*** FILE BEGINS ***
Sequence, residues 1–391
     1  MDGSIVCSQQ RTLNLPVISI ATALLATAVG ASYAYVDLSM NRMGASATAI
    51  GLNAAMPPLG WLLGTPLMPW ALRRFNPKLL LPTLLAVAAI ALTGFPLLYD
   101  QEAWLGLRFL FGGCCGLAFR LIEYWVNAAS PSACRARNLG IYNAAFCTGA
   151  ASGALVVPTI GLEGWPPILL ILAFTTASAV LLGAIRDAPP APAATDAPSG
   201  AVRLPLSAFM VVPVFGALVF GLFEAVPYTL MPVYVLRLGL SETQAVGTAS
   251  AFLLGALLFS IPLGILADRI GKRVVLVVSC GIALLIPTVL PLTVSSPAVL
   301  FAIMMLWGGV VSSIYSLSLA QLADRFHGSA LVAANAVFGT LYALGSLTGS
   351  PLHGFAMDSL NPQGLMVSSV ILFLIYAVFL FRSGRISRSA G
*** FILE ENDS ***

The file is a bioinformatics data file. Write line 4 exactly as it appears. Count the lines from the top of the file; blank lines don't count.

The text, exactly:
   101  QEAWLGLRFL FGGCCGLAFR LIEYWVNAAS PSACRARNLG IYNAAFCTGA